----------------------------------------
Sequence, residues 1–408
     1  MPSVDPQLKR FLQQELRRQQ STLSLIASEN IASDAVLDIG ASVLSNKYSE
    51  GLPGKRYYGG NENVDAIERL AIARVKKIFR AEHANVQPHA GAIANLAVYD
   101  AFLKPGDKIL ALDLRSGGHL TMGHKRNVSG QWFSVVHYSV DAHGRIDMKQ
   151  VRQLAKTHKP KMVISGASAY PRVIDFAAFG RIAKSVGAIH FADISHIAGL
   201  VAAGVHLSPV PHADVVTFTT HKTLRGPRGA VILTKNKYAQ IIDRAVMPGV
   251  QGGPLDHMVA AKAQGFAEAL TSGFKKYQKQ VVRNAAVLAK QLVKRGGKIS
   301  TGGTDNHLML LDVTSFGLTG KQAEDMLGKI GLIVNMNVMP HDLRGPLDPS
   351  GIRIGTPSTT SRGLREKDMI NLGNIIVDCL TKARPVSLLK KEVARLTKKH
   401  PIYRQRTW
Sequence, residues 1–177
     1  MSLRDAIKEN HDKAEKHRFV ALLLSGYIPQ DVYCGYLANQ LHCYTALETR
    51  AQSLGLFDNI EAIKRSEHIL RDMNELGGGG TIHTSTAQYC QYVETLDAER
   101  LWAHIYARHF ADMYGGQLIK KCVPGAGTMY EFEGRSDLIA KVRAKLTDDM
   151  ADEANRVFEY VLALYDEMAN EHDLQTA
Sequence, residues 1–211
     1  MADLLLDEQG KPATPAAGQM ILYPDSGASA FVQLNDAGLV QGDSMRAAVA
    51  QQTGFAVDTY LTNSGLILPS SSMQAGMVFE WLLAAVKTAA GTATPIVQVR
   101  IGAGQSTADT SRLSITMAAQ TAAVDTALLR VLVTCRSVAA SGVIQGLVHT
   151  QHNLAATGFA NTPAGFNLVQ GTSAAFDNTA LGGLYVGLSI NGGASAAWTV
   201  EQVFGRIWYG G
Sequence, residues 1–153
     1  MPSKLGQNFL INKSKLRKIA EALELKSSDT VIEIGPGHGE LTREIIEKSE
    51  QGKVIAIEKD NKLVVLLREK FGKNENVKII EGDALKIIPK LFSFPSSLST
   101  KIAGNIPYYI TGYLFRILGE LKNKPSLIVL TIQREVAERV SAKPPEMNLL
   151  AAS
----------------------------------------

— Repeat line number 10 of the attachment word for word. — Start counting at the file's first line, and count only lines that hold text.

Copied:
   401  PIYRQRTW